Tuesday, July 21, 2009
But, as I slowly traversed the transect line, my ears thrilled to the calls of birds that make a living on the edge: forest edge, meadow edge, and the interface that connects them. The first surprise was the call of a bird I’d never before heard at this site, a Northern Mockingbird. And, it sounded none too pleased. Scanning with my binoculars, I found the bird with a large bug firmly clamped in its bill calling for its fledgling. The youngster quickly responded, getting a bit of breakfast, and then diving into the shrubs nearby. Suddenly, Mom (or Pop) took offense at the presence of another bird, shrieking a warning and taking chase. Each time the hapless intruder tried to land, the mockingbird dove on it, shrieking a warning. They moved, snag to snag, tree to shrub, as Mom harassed the other, as yet unidentifiable, bird until it moved beyond the invisible line that formed the mockingbird’s territory, the area it had claimed for its own family.
My curiosity aroused by the scuffle, I scanned for the loser of the battle. It was an American Kestrel, the smallest North American falcon and normally not a threat to a mockingbird which is almost the same size. However, this falcon also was a fledgling, one of three young that the kestrel parents had produced. Although certainly no threat to the mockingbirds, the little falcon was getting a lesson in territory boundaries, not to be crossed with impunity. Each time the little falcon landed, the mockingbird stooped and the falcon ducked, before taking off for a safer perch. Soon it was joined by its siblings and the three nosily flew from tree to tree, practicing takeoffs, turns, dives, and precarious landings. Carefree, with no worries, but with new knowledge of the invisible territory fence to the south, these kestrels were unaware of all other dangers, and secure in their assumption that food would be forthcoming via their parents indefinitely.
Before I moved beyond the kestrel family, however, Mom coyote took exception to my presence in her territory. She howled; she barked; she warned. Now, I had intruded beyond her invisible territory line, and was a potential threat to her babies, who also were out of their den and beginning to explore their new world. She stayed with me, always out of sight behind a shrub, incessantly barking. Mentally, I tried to let her know that I bore her family no ill will and that I would soon pass by. My silent message, “Please stop! I mean you no harm, and I can’t hear any bird calls with all this racket.” It did no good. She kept up her noisy vigil until I passed beyond the boundary line on the other side of the territory.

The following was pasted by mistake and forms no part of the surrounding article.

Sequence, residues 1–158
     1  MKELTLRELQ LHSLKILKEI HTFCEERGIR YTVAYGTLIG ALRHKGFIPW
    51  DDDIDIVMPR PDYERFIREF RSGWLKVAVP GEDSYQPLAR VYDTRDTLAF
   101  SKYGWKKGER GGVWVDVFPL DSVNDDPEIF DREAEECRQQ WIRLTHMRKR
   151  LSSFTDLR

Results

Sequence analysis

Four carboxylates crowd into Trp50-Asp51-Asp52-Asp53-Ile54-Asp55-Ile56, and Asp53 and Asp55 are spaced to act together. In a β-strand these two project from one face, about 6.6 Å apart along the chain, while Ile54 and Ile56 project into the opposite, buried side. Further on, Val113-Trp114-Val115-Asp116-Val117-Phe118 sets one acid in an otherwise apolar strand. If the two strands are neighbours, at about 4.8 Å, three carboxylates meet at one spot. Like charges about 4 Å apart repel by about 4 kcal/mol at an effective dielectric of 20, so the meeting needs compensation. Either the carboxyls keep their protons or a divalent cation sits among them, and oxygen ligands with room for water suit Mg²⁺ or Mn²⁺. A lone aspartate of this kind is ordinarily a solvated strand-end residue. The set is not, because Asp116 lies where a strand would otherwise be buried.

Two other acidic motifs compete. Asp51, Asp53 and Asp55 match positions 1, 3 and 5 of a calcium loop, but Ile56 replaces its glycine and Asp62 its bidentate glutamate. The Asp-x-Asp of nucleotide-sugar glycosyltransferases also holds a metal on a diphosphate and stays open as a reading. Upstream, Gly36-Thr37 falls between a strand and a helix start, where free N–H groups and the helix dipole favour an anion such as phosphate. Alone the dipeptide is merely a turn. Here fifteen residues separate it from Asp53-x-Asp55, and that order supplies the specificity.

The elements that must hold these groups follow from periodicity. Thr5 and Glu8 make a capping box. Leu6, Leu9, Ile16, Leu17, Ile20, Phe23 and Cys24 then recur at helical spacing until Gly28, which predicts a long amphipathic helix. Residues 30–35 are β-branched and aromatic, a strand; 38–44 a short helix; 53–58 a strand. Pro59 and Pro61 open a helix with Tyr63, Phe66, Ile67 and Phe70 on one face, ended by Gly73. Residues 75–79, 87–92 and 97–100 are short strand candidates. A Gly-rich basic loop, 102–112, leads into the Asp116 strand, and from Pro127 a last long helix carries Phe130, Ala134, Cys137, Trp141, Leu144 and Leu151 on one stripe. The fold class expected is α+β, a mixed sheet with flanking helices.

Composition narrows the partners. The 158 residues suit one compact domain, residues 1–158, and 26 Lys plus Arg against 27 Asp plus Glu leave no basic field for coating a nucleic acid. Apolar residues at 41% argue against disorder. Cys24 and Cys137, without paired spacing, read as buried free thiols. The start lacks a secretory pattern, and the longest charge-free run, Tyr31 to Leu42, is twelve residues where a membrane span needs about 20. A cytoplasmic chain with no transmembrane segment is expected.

Moving into the woods, my first sight was of Dad Cooper’s Hawk carrying prey toward the nest, pursued by three noisy, begging fledglings. Although I couldn’t see the nest antics as the youngsters squabbled for food, it was easy to envision the action. One baby hawk secured the prize while the other two loudly expressed their displeasure, moving to nearby perches and resuming their endless whiny, begging calls. At this time in their lives, their food demands are so great that it takes the combined efforts of both parents to hunt for enough prey to satisfy their offspring. (Cooper’s Hawks are primarily bird-eating hawks and it takes an average of 67 robin-sized birds to successfully rear a single young). Eventually, the din subsided as the hawk babies turned their attention to exploring their new, forested world, and I resumed counting birds.
As I began to near the forest edge, however, a fierce ‘killy-killying’ broke through the otherwise peaceful reverie of compatible bird calls. Killy! Killy! KILLY! Clearly, the kestrel family was on the attack, and based on the decibel levels, it was a substantial effort to eject a perceived threat. It wasn’t until I cleared the forest edge that I was able to see the source of their distress, a fledgling Cooper’s Hawk that had dared to fly beyond its forest territory and had perched in a branch on the edge of the opening. Coops are mortal enemies of kestrels who are just about the right size for prey. However, baby Coop had no idea yet, that he/she would ever had to hunt for food. He also was unaware that .
his territory ended at the edge of the forest. There the little hawk sat, with the supreme confidence of a toddler, completely exposed in a foreign land. Clearly, he had a few lessons left to learn.
Mortality rates in the avian world run high. About 7 of every 10 youngsters do not survive to one year. Although they are biologically equipped with survival tools, hunting, flight, and a healthy fear of humans are learned skills. As I watch the young of the year bumble along, the avian equivalent of toddlers-on-the-loose, I am amazed that any of them survive. The ones that do, learn their lessons quickly for, in the wild, a single mistake might be the last one they ever make.